Assessing the Key Requirements for 450 GW of Renewable Capacity in India by 2030

Publication Type

Policy Brief

Date Published

12/2021

Abstract

In this policy brief, we assess the prerequisites for India to achieve 450 GW of solar and wind cumulative installed capacity by 2030. We examine requirements such as availability of land, new transmission buildout, financing and pace of deployment, as well as the impact on grid reliability and cost of generation. We also examine the impact of policies promoting domestic manufacturing.

Deploying 307 GW of solar and 142 GW of wind capacity would use only about 1.25% of land that is categorized as barren or waste, which is equivalent to about 0.22% of the total land area in India. Because of the good solar resource across large swaths of India, the solar energy buildout—and thus the land use—potentially can be spread out. India would need about 280 GW of new interstate transmission capacity by 2030, a little over double the transmission expansion that has already been planned through 2025. However, most of the new transmission buildout is driven by the near doubling of electricity demand between 2020 and 2030.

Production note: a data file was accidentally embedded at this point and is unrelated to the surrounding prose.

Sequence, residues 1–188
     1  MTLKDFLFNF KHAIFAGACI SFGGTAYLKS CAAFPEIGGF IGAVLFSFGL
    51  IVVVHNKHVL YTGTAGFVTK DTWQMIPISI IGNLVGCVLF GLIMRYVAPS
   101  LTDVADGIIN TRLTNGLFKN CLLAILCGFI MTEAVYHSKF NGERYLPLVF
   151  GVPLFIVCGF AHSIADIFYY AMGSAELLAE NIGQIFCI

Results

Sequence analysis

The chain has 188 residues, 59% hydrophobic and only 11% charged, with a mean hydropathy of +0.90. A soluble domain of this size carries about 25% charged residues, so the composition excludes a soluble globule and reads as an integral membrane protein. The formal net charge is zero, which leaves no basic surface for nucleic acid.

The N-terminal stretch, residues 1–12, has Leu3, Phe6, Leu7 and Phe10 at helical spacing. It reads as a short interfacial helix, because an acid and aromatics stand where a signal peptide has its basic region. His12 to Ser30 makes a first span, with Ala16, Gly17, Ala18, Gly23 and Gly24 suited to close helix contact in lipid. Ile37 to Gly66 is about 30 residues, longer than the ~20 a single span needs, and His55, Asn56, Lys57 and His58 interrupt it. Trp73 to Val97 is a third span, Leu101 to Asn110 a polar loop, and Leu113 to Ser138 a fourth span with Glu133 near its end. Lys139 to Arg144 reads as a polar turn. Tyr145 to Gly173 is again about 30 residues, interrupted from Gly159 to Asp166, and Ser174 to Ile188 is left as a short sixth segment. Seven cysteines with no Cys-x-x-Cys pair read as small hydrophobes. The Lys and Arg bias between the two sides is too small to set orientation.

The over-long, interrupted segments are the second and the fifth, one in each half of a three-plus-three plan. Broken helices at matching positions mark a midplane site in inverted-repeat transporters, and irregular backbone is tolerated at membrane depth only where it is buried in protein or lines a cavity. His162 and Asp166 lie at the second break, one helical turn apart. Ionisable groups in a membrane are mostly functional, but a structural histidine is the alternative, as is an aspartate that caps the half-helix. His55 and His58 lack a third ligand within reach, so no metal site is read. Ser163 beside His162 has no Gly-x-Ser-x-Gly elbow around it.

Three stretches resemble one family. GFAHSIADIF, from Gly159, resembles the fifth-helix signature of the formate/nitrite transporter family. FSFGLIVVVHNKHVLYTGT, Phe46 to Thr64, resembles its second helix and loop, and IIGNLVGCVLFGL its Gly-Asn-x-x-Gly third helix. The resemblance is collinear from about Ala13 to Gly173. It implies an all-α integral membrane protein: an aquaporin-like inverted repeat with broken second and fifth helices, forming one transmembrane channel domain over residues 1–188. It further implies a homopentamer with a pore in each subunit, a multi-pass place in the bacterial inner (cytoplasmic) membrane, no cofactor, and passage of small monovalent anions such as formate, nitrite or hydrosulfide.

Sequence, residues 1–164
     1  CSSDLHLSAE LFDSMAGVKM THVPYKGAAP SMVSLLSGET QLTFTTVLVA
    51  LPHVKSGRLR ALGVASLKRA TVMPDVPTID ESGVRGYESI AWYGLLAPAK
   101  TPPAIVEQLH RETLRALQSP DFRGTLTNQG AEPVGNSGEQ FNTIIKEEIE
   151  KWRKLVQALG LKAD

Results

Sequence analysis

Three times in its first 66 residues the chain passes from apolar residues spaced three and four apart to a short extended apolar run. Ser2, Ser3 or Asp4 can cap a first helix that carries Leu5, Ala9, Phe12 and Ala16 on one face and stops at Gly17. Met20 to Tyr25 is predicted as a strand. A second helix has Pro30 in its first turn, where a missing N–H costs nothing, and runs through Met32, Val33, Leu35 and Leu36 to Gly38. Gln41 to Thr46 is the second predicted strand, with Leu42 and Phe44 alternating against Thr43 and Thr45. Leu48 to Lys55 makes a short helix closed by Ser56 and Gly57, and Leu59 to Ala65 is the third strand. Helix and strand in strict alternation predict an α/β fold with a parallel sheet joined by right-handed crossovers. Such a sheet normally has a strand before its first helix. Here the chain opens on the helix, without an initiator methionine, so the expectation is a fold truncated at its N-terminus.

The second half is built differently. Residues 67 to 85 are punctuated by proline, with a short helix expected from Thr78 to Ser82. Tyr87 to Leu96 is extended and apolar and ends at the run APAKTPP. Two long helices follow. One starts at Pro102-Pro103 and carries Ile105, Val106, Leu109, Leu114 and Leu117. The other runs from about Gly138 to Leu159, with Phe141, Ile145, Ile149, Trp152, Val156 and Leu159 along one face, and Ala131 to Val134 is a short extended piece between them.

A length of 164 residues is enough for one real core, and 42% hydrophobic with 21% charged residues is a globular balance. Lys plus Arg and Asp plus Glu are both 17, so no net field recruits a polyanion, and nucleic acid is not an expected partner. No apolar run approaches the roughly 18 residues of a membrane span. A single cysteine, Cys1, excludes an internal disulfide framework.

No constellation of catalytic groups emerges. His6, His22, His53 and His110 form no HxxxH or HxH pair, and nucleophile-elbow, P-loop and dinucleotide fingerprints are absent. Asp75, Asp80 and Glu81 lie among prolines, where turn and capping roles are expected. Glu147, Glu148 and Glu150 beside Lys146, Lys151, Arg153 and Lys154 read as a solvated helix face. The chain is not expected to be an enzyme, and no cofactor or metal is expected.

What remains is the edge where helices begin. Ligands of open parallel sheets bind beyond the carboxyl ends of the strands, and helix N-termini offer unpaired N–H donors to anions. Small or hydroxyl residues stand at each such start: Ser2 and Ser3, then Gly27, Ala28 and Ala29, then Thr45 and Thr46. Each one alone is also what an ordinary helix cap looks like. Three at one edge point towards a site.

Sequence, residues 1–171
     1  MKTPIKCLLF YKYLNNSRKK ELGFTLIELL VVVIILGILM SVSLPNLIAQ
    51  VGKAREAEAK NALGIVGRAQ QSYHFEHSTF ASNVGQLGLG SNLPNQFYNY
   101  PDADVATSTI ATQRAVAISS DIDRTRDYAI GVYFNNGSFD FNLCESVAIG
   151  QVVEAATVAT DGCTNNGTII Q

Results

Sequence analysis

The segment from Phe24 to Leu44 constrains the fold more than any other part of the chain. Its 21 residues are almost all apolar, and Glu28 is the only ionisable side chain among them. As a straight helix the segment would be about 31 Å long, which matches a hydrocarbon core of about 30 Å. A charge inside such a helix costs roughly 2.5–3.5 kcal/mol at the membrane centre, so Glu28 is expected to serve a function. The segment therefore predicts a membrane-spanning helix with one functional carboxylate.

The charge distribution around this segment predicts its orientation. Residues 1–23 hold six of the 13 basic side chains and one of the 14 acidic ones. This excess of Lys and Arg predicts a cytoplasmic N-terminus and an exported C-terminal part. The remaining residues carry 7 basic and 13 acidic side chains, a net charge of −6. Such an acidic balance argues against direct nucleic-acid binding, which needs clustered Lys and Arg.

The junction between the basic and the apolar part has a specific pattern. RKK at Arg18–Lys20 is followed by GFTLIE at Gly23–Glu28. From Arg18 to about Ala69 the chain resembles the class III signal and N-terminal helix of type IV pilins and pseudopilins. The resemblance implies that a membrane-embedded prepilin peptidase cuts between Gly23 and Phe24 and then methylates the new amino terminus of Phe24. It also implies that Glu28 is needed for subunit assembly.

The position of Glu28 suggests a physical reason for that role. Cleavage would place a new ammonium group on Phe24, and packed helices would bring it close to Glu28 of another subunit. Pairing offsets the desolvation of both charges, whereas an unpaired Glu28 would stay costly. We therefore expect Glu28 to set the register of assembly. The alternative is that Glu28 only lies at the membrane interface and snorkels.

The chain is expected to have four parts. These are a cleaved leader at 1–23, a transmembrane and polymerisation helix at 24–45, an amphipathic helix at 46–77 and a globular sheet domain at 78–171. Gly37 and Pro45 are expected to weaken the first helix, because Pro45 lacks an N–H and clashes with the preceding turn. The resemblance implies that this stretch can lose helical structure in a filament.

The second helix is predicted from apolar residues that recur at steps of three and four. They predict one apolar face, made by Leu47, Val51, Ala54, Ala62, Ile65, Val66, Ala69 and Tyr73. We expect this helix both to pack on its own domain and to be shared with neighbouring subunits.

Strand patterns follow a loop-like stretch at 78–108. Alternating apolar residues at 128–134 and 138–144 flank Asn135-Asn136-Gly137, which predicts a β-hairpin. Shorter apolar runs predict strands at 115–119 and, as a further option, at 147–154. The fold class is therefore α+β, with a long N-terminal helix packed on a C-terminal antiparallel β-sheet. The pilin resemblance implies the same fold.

The total investment needed (in generation and storage resources) to realize this target is around USD 26.5 billion annually, which is 20% lower than the annual investment in India’s power sector across all generation resources between 2015 and 2019. We estimate that using domestically manufactured panels instead of imported panels may increase solar PPA prices by about 10%–15% in the medium term, but solar power would still be a cost-effective way to meet growing demand instead of building new fossil fuel-based power plants, because the price of electricity from solar plants has fallen below the variable cost of most existing coal units. To reach this target, India would need to build about 35–40 GW of solar and wind capacity every year in this decade. India’s power sector achieved a pace of capacity addition of 22 GW per year in the previous decade (including thermal and renewable). Policy and regulatory measures would be needed to increase the pace of deployment.

Year of Publication

2021

Citation Key

35054

Organization: 

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